Bryn Mawr Classical Review 2012.10.48
Kevin M. Cherry, Plato, Aristotle and the Purpose of Politics. Cambridge; New York: Cambridge University Press, 2012. Pp. xiii, 232. ISBN 9781107021679. $95.00.
Reviewed by David J. Riesbeck, Dartmouth College (email@example.com)
[The Table of Contents is listed at the end of the review.]
Aristotle’s Politics opens with a rejection of the claim that all forms of rule or authority are fundamentally identical. The view Aristotle rejects is prominently developed in Plato’s Statesman, where the Eleatic Stranger holds that kingship, statesmanship, and household management are merely different names for a single sort of theoretical expertise. Commentators on the Politics routinely observe its opening echoes of the Statesman, yet there have been few sustained efforts to set the two texts in dialogue with each other. Kevin M. Cherry’s Plato, Aristotle, and the Purpose of Politics does just that, identifying a set of deep disagreements between the Eleatic and the Stagirite on the nature of politics and promising to enrich our understanding of both thinkers. Though some of the book’s arguments are underdeveloped and its interpretive approach is bound to frustrate some readers, it is on the whole an engaging and highly readable treatment of some irresistibly interesting problems of political philosophy.
After a brief introduction, Cherry opens Chapter One by considering the Statesman’s identification of all forms of rule with a single sort of theoretical knowledge. All three elements of this claim are perhaps counter- intuitive: that all forms of rule are in fact one thing, that they are all a kind of knowledge, and that they are all a kind of knowledge that is exercised through thought alone rather than through action or production. Cherry finds this view prima facie unattractive and poorly defended, and he explains its easy acceptance as a product of the Young Socrates’ enthusiasm for mathematics. The Eleatic Stranger approaches the study of politics with an excessively mathematical model of knowledge, seeking to reduce the heterogeneous phenomena of politics to merely quantitative differences, abstracting too readily from the realities of political life, and deploying an allegedly value- neutral method of division that neglects the hierarchical distinctions of quality so central to ordinary political discourse. Aristotle rejects these tendencies in his critique of the Stranger’s identification of the varieties of rule. For Aristotle, communities differ in kind and not merely in size because they aim at different ends and are made up of different sorts of people. Because a person’s character is crucial to the kinds of community in which he can participate, Aristotle also denies that knowledge is a sufficient qualification for rule. Finally, Aristotle appreciates that political knowledge is concerned with action and with the assessment of complex particular circumstances. It is therefore an essentially practical sort of knowledge that requires experience, not a merely theoretical expertise that can be acquired and exercised through study alone.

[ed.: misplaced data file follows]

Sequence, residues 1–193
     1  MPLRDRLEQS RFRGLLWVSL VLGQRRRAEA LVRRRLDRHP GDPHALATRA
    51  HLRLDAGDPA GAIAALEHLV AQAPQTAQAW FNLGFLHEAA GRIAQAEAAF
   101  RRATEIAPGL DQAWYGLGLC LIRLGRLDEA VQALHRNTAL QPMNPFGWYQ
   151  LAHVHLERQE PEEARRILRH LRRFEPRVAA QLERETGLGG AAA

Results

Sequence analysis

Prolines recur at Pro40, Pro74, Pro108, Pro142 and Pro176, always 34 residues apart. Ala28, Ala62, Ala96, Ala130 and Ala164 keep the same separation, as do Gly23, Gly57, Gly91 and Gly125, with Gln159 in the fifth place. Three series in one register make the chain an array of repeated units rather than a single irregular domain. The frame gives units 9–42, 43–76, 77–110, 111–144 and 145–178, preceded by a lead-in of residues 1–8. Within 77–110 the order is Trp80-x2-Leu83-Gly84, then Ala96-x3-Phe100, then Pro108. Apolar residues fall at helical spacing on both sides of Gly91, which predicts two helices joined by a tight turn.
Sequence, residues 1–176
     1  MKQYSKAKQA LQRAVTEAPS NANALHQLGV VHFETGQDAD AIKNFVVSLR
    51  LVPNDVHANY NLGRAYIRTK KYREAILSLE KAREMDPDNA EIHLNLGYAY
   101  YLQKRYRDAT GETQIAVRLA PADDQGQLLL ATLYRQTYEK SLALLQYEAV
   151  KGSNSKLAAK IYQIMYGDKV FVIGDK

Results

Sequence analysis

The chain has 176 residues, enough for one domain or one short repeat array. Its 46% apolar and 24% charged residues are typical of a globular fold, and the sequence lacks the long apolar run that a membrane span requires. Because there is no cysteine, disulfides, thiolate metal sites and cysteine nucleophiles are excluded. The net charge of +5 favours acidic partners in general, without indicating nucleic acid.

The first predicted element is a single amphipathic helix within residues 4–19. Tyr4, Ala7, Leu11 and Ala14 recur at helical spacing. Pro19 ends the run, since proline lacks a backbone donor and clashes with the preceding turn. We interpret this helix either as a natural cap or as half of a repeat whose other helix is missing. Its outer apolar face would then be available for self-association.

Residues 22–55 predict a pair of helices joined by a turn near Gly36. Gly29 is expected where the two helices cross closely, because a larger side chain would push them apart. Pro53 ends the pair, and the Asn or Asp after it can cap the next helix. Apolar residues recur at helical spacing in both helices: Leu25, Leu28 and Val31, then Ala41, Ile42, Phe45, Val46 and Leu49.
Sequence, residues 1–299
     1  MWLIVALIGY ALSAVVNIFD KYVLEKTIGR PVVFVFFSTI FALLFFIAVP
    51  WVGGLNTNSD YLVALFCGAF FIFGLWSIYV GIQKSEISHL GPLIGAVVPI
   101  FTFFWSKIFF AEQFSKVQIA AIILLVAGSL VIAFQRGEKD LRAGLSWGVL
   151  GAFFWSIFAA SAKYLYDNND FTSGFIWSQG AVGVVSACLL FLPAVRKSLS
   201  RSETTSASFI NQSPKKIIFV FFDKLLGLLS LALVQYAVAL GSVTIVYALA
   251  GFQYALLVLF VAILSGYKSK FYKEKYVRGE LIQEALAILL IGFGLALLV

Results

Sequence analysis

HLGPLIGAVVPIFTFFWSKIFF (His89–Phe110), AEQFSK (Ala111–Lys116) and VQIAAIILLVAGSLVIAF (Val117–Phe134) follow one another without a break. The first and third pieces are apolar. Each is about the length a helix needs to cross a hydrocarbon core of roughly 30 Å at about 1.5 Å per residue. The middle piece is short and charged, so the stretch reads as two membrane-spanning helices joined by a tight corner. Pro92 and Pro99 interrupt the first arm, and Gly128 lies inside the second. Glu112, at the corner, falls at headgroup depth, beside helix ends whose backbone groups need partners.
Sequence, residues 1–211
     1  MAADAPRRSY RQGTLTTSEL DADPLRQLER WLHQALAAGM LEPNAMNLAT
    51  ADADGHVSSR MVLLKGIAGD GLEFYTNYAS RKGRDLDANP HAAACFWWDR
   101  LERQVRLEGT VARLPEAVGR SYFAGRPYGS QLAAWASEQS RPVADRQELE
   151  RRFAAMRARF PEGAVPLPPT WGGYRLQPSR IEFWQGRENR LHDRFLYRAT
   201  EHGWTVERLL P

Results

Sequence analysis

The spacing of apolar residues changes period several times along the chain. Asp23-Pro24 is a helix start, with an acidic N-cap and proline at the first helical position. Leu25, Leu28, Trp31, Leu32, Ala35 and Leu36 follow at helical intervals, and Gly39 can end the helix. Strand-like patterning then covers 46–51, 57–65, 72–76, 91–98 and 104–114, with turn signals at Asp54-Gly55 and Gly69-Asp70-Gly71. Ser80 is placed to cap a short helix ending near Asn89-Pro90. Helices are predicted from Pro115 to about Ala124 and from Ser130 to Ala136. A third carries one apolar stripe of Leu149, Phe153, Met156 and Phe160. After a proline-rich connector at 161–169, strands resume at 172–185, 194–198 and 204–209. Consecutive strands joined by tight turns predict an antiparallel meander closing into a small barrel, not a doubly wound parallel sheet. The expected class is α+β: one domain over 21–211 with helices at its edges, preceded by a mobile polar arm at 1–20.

In Chapter Two, Cherry extends his account of the disagreements between Aristotle and the Eleatic Stranger with a consideration of their respective visions of humanity’s place in nature. As he reads it, the cosmological myth of the Statesman presents a pessimistic view of human beings’ prospects in the Age of Zeus. Humans, left to fend for themselves without divine aid in a cosmos marked by increasing disorder, must devote their energies to preserving their lives against the threats posed by the natural world and by human nature itself. This dismal view of the human condition helps to explain the Stranger’s limited ambitions for politics: political communities, like all others, are directed primarily to preserving life, and considerations of the citizens’ virtues are strictly subordinate to that goal. Aristotle, by contrast, regards political communities as distinctive because they uniquely aim at the good life as a whole. Aristotle acknowledges that politics must attend to the needs of preservation and stability, but he treats these only as necessary conditions for the achievement of the highest good. Cherry links this comparatively ambitious conception of politics to Aristotle’s relatively optimistic view of nature as an ordered whole conducive to the overall flourishing of its parts. Though the world does not exist for the sake of human beings, it is hospitable to us and has provided us with the means to live well provided that we observe nature’s limits.